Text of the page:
The Australian aged care sector is not without its critics. Recently, there has been a lot of focus on the discrimination older people from culturally and linguistically diverse backgrounds face when accessing aged care services. There is also increasing concern around the quality and safety of aged care provided in Australia (Wohler & Dantas, 2017). The quality of care is a major concern. In Australia, the number of aged care workers far outweighs the number of patients. A report by the Australian Institute for Private Health found there was a need for 20-30% more staff to provide adequate care for the elderly (Wohler & Dantas, 2017). There are also concerns about how Australia provides care for the elderly with less than 5 % of the total aged care workforce deemed to have sufficient training for the role (Wohler & Dantas, 2017). The Australian aged care system is not meeting the needs of older people from culturally and linguistically diverse (CALD) backgrounds. The report by the National Aging Research Institute, “Aging without Poverty: Older people from CALD backgrounds in Australia”, shows that one in three older Australians living in poverty is of CALD background (Kappelides, Bould & Bigby, 2021). This problem is particularly acute for older refugees, as many have limited English skills and few opportunities to participate in the workforce. Society is changing and with it the retirement policy. Recent reports have shown a growing number of people are delaying their retirement or returning to work before they reach age 65 due to increased demand in the workforce. In response to these concerns, the Australian government has taken a number of initiatives including expanding aged care subsidies, increasing funding for aged care workers, and working with private providers on quality. The Australian government has also introduced a National Ageing Strategy which aims to address issues such as aged care and population aging by increasing government funding for aged care workers, developing a digital platform for health and aged care services, the establishment of an accreditation system for health and aged care providers, expanding government services including family planning, stamp duty concessions on property purchases by older Australians, an age-friendly website to support aging in place and improved dementia support.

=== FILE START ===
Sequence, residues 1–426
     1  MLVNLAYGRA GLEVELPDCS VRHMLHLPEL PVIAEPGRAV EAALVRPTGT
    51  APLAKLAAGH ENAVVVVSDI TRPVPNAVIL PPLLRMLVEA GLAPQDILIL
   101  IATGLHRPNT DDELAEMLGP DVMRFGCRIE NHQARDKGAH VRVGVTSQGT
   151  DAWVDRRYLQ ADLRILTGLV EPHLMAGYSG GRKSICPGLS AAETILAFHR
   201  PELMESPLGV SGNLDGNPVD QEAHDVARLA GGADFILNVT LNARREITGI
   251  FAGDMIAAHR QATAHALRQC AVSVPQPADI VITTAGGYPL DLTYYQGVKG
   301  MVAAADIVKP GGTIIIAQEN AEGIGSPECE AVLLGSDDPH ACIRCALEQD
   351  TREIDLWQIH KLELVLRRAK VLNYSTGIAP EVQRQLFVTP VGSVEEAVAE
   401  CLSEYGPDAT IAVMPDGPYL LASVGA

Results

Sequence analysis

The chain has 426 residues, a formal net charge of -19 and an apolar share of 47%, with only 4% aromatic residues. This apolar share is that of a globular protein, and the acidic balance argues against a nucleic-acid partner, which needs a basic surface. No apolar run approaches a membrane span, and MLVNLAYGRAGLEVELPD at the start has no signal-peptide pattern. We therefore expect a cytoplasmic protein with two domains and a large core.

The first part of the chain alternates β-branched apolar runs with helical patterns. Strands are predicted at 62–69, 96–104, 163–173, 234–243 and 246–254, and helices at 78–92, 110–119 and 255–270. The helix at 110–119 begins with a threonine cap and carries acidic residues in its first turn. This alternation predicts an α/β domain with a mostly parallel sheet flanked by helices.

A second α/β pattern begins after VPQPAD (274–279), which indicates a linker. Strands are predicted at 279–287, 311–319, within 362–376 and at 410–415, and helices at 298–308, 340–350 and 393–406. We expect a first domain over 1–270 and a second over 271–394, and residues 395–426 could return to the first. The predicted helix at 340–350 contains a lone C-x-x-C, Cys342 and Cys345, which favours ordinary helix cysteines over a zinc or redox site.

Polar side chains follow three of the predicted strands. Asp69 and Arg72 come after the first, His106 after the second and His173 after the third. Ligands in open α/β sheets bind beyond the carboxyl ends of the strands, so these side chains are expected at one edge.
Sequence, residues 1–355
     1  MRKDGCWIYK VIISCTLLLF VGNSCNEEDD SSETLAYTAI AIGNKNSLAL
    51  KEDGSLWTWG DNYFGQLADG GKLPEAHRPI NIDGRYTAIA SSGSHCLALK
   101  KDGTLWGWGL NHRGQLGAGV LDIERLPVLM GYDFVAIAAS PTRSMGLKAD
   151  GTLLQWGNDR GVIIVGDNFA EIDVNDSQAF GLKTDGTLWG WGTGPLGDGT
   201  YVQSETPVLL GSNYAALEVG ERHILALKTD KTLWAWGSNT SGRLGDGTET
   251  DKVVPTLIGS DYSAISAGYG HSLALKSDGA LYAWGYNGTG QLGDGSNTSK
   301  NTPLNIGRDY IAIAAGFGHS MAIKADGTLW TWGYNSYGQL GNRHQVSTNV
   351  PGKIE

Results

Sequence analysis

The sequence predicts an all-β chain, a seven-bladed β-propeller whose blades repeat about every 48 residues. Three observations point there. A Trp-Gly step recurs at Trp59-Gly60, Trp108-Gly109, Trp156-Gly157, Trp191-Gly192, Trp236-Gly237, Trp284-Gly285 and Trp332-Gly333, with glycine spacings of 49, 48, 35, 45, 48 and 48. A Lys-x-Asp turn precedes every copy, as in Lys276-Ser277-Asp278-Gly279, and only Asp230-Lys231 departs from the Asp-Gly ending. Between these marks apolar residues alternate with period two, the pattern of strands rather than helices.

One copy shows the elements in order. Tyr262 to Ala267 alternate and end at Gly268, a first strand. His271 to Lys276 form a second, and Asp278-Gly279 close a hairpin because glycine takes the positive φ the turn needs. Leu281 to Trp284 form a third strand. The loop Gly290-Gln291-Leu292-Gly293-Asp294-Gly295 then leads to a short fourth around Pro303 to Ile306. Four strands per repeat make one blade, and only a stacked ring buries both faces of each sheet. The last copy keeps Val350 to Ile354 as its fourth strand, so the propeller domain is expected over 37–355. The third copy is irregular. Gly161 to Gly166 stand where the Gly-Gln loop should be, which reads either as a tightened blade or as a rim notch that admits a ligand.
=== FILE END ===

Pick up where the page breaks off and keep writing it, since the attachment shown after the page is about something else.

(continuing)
Challenges faced by CALD older people

In Australia, the majority of people requiring aged care are from Culturally And Linguistically Diverse backgrounds. Yet old age care services have continued to be predominantly catered to Caucasian Australians, who historically dominated the Australian population. This has led to an environment where older people from minority backgrounds feel unwelcome and discriminated against, which has been a challenge for policymakers and service providers alike. In the last few decades, there has been an increase in the number of Australians aged 65 and over (Dickins & Thomas, 2016). At the same time, rates of poverty among older Australians have increased. In light of these statistics, it is essential that we understand how ageism intersects with issues of race and culture in Australia. Aged care has always been an important part of the lives of Australians, and with the increasing aging population, it is imperative that we look at how to better serve a diverse range of people. For Australian aged care providers, this means working towards improving services for those people with a culturally and linguistically diverse background.